While California statutory law recognizes the death penalty as a legal form of punishment for certain serious crimes, no one has been executed in California since 2006. In March 2019, the California governor issued an official moratorium on all further executions. As part of that moratorium, the equipment and machinery used to implement and carry out executions by lethal injection was removed from the death chamber in California’s San Quentin prison.
Legal Foundations of Capital Punishment in the U.S.
Generally, the death penalty in the United States is administered by the jurisdiction in which the crime was committed. For the most part, that means that each state adopts its own policy and procedures for implementing the death penalty, should it choose to do so at all. In addition, the U.S. government allows for the death penalty for certain federal crimes, though the vast majority of executions are administered by the states.
On the state level, both the federal Constitution and the relevant state constitutions may place restrictions on the administration of the death penalty, such as the crimes for which it can be imposed, how judicial proceedings must be conducted and the types and numbers of appeals that condemned prisoners are allowed. Procedures and regulations governing how executions are conducted are generally set by state law and regulations, while the state’s corrections department is responsible for ensuring that all executions meet those requirements.
Cruel and Unusual Punishment and the Eighth Amendment
One of the key limitations on the death penalty in the United States is the Eighth Amendment to the U.S. Constitution, which provides: “Excessive bail shall not be required, nor excessive fines imposed, nor cruel and unusual punishments inflicted.”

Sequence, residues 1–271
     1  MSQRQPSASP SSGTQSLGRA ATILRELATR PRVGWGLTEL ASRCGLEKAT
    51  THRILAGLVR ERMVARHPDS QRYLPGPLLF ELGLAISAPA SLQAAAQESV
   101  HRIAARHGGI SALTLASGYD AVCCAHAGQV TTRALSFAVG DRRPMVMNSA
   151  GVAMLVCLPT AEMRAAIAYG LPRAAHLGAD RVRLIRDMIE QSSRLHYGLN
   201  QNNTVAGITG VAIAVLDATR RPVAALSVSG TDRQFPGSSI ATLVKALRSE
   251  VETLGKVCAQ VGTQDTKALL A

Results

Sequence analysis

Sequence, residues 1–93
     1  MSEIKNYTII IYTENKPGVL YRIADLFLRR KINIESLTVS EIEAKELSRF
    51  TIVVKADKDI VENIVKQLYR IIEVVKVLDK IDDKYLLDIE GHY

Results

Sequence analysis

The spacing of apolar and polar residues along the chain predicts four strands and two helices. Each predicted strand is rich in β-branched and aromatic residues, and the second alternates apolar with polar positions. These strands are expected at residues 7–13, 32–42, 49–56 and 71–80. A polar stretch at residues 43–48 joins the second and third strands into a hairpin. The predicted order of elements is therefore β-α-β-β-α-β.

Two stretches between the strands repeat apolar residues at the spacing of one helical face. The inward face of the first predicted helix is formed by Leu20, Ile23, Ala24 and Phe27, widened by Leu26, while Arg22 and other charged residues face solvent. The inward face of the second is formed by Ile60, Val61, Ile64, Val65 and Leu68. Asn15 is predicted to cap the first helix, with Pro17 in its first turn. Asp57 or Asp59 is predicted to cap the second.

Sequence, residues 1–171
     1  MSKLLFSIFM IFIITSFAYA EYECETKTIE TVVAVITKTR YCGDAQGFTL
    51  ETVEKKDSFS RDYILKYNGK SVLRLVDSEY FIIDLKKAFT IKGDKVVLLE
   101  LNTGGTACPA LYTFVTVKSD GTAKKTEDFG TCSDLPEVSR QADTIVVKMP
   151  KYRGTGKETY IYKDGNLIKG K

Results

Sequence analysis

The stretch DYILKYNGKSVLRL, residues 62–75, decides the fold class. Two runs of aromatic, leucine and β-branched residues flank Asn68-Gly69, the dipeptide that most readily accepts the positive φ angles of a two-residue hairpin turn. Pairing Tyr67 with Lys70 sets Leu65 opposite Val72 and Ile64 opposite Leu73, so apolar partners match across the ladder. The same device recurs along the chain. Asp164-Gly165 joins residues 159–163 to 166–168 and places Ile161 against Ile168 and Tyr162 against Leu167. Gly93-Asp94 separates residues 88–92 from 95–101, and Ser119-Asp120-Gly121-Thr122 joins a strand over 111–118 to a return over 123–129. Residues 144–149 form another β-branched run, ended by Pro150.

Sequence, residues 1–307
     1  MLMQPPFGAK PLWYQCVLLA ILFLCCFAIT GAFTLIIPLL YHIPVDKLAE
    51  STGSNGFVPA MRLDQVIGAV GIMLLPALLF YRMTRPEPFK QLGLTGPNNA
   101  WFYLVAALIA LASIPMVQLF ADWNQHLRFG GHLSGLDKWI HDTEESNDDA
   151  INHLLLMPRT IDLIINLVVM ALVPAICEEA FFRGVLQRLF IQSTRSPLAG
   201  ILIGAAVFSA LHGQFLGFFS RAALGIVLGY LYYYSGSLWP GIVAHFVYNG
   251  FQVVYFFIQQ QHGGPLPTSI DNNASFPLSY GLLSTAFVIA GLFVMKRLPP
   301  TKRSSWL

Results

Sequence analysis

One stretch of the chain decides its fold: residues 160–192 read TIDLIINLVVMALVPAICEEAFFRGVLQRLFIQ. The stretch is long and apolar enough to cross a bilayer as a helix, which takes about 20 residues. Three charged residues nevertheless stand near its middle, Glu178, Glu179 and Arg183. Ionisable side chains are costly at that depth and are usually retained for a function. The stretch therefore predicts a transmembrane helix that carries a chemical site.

The phrase, "cruel and unusual punishments,” has been frequently interpreted in the context of the capital punishment debate. In the U.S. Supreme Court case of Furman v. Georgia (1972), the death penalty was ruled to violate this prohibition. However, the Court upheld new sentencing laws and procedures four years later in Gregg v. Georgia (1976), beginning the process of reinstating the death penalty in the U.S. The Gregg case also clarified that the death penalty in and of itself was not unconstitutional, but rather, Furman addressed only the death penalty as it was then applied and enforced. Subsequent cases have upheld death penalty statutes.
History of the California Death Penalty
After the state was accepted into the union, the California Criminal Practices Act of 1851 authorized and regulated the death penalty. At that point, executions were carried out by the county that retained jurisdiction over the crime and the defendant.
California lawmakers amended the state’s statutes pertaining to hangings in 1872 to outlaw the concept of public execution in the state. Under the new laws, hangings could take place only inside the county jail or some other enclosed space that was not open to public spectators.
The statutes also set forth a limited number of people who could witness these executions, including the local sheriff, the local prosecuting attorney, an area medical doctor to pronounce death, no more than two spiritual advisers (but only Christian “ministers of the gospel” were permitted), and up to five witnesses invited by the person to be executed. In addition, the prosecutor was to select at least 12 citizen witnesses. All witnesses were required to be of the age of majority.
In 1891, jurisdiction over the administration of the death penalty was transferred from the county level to the state. A legislative amendment required that all executions take place “within the walls of one of the State Prisons,” with the warden replacing the sheriff as the law enforcement representative and witness. The state’s attorney general, rather than the local prosecutor, was designated as the administrative representative.
Read More: What Is the California Death Penalty?
Methods of Execution in California
Over the course of its history in the state, the death penalty has been implemented by four different methods. Initially, executions in California were carried out by a firing squad. Once California joined the Union in 1850, the official execution method was changed to hanging.
In 1937, the state began the transition from hanging to lethal gas in gas chambers. From that point until 1967, 194 people were executed in the gas chamber at San Quentin.